Orthodox Jews believe that the commandment to wear peyot -- or sidelocks -- is incumbent upon all Jewish males. Just as there are different modes of dress within the Orthodox community -- ranging from long black coats and black hats to jeans and t-shirts -- there are different customs regarding sidelocks.
The practice of wearing sidelocks derives from a Torah prohibition of removing hair from certain areas of the head. Leviticus 19:27 states, “Do not round off [the hair] at the edges of your heads.” Rabbinic commentators understand “edges” to mean the hair that normally grows between the ears and the hairless portion of the face. Orthodox Jews believe this prohibition is an expression of God's will. They observe the commandment -- or mitzvah -- of not shaving off the peyot even if the reason for the law is unknown.
Distancing From Idol Worship
The medieval Jewish scholar Maimonides offers a rational explanation for the prohibition. In his classic work, "Mishneh Torah," Maimonides explains that idol worshipers had the custom of removing the hair from both sides of the head while growing out the hair on top of the head. He suggests that the Torah's prohibition of removing peyot might be God's way of distancing Jews from pagans and idol worship. According to this view, the prohibition of cutting off peyot is similar to the prohibition of getting a permanent tattoo.
"Sefer HaChinuch," a 13th-century overview of the Torah's 613 mitzvot, claims wearing peyot serves to identify a person as Jewish. The Ben Ish Chai, a 19th-century Iraqi Jew, agreed with this reasoning when he referred to a Jew's sidelocks as "two trustworthy witnesses that adorn us with the crown of Judaism." In Czarist Russia and during the Holocaust, ruling parties viewed peyot as powerful symbols of Jewish identity and attempted to strip Jewish men of this identity by publicly cutting off their sidelocks. Many Orthodox couples refrain from cutting a son's hair until the age of three years to emphasize the mitzvah of peyot and to help the boy identify as a practicing Jew.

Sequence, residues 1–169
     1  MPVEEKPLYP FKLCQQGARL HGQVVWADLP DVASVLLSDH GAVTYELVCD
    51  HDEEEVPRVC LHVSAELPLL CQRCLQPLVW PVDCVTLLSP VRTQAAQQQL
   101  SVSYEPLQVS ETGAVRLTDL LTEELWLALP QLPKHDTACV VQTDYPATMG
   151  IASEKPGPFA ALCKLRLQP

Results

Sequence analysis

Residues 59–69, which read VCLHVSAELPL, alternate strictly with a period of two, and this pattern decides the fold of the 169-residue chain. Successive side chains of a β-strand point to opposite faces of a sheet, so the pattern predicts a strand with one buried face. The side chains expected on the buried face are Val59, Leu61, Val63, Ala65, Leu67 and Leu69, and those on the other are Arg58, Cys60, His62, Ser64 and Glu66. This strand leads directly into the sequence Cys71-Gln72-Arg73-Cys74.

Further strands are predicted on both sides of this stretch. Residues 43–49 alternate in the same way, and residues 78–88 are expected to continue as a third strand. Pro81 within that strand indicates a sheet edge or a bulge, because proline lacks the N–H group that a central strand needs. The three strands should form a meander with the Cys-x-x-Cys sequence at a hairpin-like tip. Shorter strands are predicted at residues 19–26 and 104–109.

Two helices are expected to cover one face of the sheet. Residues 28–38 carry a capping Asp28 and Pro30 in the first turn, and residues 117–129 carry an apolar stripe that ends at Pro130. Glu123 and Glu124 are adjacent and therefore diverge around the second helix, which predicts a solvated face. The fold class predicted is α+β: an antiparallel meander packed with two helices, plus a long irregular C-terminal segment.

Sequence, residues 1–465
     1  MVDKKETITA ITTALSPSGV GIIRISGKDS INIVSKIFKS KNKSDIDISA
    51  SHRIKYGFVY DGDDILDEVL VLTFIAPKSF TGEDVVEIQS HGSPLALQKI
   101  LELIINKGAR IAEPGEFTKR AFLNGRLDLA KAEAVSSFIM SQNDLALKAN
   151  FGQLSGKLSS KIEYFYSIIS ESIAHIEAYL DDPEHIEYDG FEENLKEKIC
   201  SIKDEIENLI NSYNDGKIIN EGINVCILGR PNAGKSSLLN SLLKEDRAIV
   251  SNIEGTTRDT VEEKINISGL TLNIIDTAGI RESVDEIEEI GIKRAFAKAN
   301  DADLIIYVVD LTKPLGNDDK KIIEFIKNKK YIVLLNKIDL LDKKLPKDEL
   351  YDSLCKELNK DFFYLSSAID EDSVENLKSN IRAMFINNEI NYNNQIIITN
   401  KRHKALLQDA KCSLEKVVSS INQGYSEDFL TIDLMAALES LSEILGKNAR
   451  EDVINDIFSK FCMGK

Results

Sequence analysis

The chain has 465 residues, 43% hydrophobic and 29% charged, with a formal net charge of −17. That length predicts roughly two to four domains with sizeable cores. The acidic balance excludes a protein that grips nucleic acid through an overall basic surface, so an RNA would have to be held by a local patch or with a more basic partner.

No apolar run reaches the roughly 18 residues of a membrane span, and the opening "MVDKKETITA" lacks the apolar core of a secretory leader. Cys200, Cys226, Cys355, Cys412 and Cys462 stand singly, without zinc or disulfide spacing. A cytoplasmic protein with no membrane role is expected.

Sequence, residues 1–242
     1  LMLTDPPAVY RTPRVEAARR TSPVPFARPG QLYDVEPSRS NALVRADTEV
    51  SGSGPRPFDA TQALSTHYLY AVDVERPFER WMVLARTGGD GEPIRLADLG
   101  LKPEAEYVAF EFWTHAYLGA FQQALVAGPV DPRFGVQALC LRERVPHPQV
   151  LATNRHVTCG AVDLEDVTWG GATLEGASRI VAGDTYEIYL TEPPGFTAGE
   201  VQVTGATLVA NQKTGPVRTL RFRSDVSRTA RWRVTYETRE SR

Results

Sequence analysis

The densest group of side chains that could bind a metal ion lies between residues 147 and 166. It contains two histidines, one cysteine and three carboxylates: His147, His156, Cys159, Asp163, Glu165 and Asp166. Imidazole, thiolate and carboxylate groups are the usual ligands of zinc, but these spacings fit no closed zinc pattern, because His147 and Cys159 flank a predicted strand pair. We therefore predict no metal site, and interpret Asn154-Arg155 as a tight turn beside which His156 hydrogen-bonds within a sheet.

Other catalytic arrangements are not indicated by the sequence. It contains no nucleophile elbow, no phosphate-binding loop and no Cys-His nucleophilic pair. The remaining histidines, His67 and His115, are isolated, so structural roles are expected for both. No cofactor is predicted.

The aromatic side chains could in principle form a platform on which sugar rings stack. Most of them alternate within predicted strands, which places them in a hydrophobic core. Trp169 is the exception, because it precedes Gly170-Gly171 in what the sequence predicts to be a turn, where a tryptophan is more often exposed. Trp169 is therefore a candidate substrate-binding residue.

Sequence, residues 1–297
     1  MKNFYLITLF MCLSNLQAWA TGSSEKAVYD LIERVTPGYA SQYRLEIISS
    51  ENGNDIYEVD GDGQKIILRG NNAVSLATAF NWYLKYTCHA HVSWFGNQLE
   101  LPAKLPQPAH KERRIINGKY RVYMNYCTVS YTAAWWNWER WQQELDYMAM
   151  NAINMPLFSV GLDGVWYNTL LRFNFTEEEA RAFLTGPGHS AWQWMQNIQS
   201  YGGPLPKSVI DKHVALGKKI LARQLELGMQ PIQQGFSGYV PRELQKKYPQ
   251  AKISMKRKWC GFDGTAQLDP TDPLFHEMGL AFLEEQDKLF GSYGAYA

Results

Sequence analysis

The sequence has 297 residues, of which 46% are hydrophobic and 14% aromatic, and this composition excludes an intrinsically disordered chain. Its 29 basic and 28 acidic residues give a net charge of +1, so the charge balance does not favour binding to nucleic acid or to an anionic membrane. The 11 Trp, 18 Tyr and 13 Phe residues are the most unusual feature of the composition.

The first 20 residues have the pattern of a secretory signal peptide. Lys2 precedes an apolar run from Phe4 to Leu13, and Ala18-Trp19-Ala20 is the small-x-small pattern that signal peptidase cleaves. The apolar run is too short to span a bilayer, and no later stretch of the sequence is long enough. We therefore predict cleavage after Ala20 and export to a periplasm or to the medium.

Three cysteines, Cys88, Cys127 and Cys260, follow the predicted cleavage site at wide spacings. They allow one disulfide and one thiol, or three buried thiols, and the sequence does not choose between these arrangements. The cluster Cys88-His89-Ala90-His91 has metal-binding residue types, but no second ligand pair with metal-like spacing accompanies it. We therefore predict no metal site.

Some Chassidic groups, as well as Jews from Yemen and Morocco, have the custom of wearing their peyot long and tightly curled. Other Orthodox men keep their peyot short and trimmed close to the head. Some men tuck their peyot behind their ears or under their hats, but some rabbinic authorities discourage this practice because it implies embarrassment. Some men never cut or trim their sidelocks -- perhaps to emphasize and enhance the mitzvah -- while others believe this is an unnecessary stringency.
- Chabad.org: The Prohibition Against Shaving the Edges of One's Head
- YU Torah Online: Halachos of Peyos Harosh
- Mechon-Mamre: Leviticus Chapter 19
- The Book of Knowledge: From the Mishneh Torah of Maimonides; Moses Maimonides
- Gateway to Judaism: The What, How, And Why of Jewish Life; Mordechai Becher
- Miraculous Journey; Yosef Eisen
- The Brisker Rav; Shimon Yosef Meller
- David Silverman/Getty Images News/Getty Images